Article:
The diagnosis of metabolic syndrome is based on a variety of criteria. According to the National Cholesterol Education Program (NCEP) guidelines, a diagnosis of metabolic syndrome requires three or more of the following risk factors: waist circumference 102 cm, triglycerides 1.7 mmol/L, HDL cholesterol < 1.04 mmol/L, blood pressure 130/85 mmHg, and fasting glucose 6.1 mmol/L .
The prevalence of metabolic syndrome is markedly higher among OSAS patients. Ambrosetti et al. studied 89 consecutive OSAS patients and found metabolic syndrome in 53% of them . Obese OSAS patients may have an increased rate of metabolic syndrome and higher levels of serum lipids, fasting glucose, leptin, and fibrinogen than obese subjects without OSAS. Thus, clinicians should be encouraged to systematically evaluate the presence of metabolic abnormalities in OSAS and vice versa  (Figure 2).
A number of previous epidemiological studies have found links between OSAS and metabolic syndrome. Vgontzas et al. reported that fasting glucose and insulin levels were significantly higher in OSAS patients compared to weight-matched control subjects. They also found that OSAS led to systemic inflammation and metabolic syndrome . Gruber et al. prospectively studied 38 subjects with OSAS and 41 controls. After adjusting for age, BMI, and smoking, OSAS patients were found to be nearly six times more likely to have metabolic syndrome than control group . In a 255-subject study by Lam et al. a similar likelihood was reported . Shina et al. reported that C-reactive protein was higher in patients with both OSAS and metabolic syndrome . Bonsignore et al. conclude that the metabolic syndrome occurs in about half of OSAS patients, irrespective of daytime sleepiness, and is a reliable marker of insulin resistance .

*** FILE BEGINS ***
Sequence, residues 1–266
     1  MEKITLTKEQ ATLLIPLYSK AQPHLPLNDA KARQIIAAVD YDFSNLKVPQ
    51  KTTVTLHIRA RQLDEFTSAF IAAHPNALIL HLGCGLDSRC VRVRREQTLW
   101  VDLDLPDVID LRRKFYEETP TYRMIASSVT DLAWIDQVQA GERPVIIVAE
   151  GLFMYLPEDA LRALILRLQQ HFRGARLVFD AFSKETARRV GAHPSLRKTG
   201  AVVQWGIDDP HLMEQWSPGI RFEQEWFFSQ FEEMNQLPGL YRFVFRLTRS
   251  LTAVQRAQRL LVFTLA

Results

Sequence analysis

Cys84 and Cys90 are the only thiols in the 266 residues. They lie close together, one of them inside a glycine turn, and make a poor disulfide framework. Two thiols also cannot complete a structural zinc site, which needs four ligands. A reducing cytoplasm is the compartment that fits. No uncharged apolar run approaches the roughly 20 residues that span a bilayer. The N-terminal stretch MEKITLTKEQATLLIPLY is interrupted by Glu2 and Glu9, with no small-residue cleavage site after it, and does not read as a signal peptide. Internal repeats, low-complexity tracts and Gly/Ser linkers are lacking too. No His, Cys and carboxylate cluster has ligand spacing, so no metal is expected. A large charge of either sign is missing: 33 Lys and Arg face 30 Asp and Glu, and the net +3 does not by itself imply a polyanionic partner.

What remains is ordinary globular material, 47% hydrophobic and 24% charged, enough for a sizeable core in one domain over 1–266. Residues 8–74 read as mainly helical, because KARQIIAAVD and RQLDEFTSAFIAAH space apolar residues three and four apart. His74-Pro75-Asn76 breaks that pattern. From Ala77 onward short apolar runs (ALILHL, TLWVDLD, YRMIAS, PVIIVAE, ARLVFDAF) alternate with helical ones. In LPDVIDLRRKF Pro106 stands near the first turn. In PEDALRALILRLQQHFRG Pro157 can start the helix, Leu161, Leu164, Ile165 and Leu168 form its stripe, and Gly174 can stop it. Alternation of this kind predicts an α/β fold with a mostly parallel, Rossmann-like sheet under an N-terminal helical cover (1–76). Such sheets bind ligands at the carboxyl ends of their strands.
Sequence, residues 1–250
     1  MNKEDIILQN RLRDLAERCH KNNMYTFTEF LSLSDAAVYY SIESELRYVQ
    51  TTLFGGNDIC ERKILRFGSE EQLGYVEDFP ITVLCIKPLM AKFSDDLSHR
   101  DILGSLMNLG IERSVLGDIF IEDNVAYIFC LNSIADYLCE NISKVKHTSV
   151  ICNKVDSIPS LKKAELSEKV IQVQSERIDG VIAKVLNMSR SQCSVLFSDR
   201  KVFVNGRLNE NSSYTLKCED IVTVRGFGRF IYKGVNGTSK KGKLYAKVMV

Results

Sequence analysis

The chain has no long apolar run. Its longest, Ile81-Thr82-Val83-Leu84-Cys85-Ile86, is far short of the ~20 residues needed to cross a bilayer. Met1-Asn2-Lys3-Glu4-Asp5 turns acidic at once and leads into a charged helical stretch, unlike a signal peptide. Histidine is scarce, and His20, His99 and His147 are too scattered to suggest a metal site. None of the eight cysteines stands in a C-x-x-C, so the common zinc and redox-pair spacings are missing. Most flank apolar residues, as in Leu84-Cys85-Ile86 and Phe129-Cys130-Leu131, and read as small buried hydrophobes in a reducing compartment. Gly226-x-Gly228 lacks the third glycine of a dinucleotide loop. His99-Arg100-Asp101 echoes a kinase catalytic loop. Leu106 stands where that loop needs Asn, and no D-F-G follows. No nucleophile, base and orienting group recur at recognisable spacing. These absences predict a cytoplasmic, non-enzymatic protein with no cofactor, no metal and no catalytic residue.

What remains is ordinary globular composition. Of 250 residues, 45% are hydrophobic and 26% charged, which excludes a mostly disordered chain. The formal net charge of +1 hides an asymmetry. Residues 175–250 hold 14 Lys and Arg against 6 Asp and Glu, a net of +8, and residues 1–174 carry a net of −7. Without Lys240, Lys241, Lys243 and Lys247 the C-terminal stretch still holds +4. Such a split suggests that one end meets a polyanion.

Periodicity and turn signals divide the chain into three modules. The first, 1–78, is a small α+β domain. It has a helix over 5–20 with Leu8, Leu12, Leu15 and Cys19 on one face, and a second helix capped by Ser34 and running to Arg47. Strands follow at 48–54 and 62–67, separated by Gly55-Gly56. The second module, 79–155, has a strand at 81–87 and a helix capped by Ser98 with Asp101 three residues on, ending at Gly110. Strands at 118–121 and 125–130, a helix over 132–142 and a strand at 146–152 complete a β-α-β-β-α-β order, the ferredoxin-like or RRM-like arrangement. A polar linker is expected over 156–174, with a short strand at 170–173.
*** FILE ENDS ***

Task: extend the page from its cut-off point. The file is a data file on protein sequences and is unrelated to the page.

Both OSAS and metabolic syndrome may exert negative synergistic effects on the cardiovascular system through multiple mechanisms [197, 198]. In a study by Su et al., metabolic factors such as a higher BMI and fasting blood glucose and a lower HDL-cholesterol level were more strongly associated with elevated cardiovascular disease than with OSAS severity, suggesting that metabolic parameters are important contributors to cardiovascular diseases and should be corrected in patients with OSAS . In a double-blind, placebo-controlled trial in OSAS patients, 3 months of CPAP therapy lowers blood pressure and partially reverses metabolic abnormalities .
7. OSAS and COPD
COPD is a systemic disease with multiple effects on end-organs including organs in the cardiovascular system . Patients with diagnosed and treated COPD are at increased risk for hospitalizations and deaths due to cardiovascular diseases [202, 203]. Several studies have focused on the relation between endothelial dysfunction and COPD [204–206].
Systemic inflammation is the main atherothrombotic abnormality in COPD, but hypoxia-related platelet activation, procoagulant status, and oxidative stress may play a role [207, 208]. Mills et al. showed that patients with COPD have increased arterial stiffness and blood pressure in comparison with controls matched for age and smoking status . Furthermore, there is evidence that COPD patients have a perturbed neurohumoral regulatory system leading to sympathovagal imbalance [210, 211]. This process may be related to chronic respiratory or metabolic conditions that manifest hypoxia, hypercapnia, and acidosis and elicit a maladaptive autonomic and inflammatory response .